Wew, it’s been a long week! I ended up getting caught up in a book I was reading and just didn’t have time to check out the latest on Netflix. I’m sure I’ll be back to watching movies soon, but I did end up reading a couple short books this week. Daughters of Despair was especially interesting, and I’ve already picked up book two. The way Rivas structured the story was quite unorthodox, and it took a bit to get into the rhythm of reading, but I was really captured once I settled in.
The Black Veldt was exceptionally dark, so reader beware. I was, however, quite impressed with Reyes’s prose and felt the book moved along smoothly. It was a very short book, and I flew through it in an afternoon.
I will leave my official Amazon reviews below with 0 spoilers.
Who knows what I’ll be up to next Friday, but will be back then with an update! Have a safe and relaxing weekend, and Happy Reading, everyone!
The Daughters of Despair, by Andrew Rivas, is quite an interesting book. It is high fantasy, but that wasn’t what really drew me in. The format and style of the book is almost like a screenplay, but not quite. 99% of the book is told as if in an interview style, where the reader takes the place of the interviewer. There are main POVs, and 100s of other POVs, some one offs, and many of those are unreliable narrators. Piecing together the mystery of what’s going on was almost interactive, and with so many POVs, it gave an extra sense of urgency to what was going on.
I did have some issues with a few of the one off POVs, as they felt like they were building up to a story, but nothing happened. Also, there was a secondary story with Nano, Mal, and Stoic that kinda fell away towards the end, and at least one of those characters had a very abrupt ending that was well written and impactful, but there was a lot missing leading up to it. The other two characters disappeared entirely.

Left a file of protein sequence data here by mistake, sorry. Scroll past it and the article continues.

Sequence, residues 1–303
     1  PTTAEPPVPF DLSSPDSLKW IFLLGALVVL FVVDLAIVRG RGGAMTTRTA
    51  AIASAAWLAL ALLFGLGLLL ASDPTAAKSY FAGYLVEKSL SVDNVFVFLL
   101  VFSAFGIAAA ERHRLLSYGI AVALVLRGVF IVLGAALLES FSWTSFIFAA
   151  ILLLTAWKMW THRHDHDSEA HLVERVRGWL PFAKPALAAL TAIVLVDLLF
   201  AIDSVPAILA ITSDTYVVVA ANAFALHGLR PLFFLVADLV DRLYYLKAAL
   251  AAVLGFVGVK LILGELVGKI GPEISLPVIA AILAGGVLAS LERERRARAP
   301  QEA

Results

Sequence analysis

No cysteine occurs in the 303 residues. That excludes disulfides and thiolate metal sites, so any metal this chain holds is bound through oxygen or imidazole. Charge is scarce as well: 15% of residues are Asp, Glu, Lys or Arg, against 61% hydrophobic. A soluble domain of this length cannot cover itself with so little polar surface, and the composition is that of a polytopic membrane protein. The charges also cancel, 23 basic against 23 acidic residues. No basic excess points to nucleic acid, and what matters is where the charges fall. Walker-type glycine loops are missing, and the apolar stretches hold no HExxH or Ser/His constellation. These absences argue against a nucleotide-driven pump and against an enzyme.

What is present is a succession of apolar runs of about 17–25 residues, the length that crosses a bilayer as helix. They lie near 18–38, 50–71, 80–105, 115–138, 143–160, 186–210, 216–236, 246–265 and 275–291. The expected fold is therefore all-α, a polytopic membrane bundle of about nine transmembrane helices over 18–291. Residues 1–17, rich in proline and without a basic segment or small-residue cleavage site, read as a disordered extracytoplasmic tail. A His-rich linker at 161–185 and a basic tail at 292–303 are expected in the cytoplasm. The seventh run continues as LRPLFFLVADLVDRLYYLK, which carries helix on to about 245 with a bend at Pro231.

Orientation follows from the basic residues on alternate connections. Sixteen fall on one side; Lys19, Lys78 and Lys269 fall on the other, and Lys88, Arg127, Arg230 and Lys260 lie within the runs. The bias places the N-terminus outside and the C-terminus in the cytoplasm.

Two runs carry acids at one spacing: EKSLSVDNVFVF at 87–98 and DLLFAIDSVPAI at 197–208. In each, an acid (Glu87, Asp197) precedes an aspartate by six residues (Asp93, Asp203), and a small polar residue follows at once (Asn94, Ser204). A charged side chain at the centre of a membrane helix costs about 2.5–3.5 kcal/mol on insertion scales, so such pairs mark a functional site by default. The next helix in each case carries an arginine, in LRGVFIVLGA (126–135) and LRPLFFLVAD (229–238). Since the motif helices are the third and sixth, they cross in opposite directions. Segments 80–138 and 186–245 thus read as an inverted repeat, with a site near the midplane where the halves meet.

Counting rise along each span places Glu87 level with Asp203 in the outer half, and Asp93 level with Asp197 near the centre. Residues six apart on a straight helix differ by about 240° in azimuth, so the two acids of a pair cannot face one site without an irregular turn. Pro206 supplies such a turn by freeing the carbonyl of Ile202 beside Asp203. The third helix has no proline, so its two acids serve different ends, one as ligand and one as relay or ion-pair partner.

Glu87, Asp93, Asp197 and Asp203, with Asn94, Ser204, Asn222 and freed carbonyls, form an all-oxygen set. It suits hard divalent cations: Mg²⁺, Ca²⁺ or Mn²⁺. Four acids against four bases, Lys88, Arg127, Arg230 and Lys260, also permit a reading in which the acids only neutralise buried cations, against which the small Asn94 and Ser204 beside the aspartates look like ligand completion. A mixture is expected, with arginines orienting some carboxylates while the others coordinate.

If this had been a complete book, it definitely would have impacted the rating, but since there is another book, I’ll withhold judgement on that for now. Although the main story line is addressed, the ending does open up more plot points to follow in an organic way. There is no cliffhanger.
This book is very dark and gritty, which is what I was looking for. The prose is stream-of-consciousness style, and the writing pulls you into the story quite quickly. The descriptions are great, and the author has the groundwork of the story laid right off as he peppers in the mystery of Carvel’s past. I have to say that was probably the biggest draw for me to keep reading until more of a mystery is introduced with the green-haired girl. Then the story really gets going.
The story is set in the 70s in New York, both a time period and place that I have no experience with, so I can’t vouch for accuracy. There are some formatting errors, but not many grammatical errors, and I would say this book is worth reading, just for the prose alone. Reyes is fantastic at painting a picture, and there are some dream sequences that I really liked, but some not so much. I understand that Carvel is an unreliable narrator (like towards the first of the book), but some scenes later in the book required a reread to figure out what was going on, although I don’t think the reader is supposed to understand everything.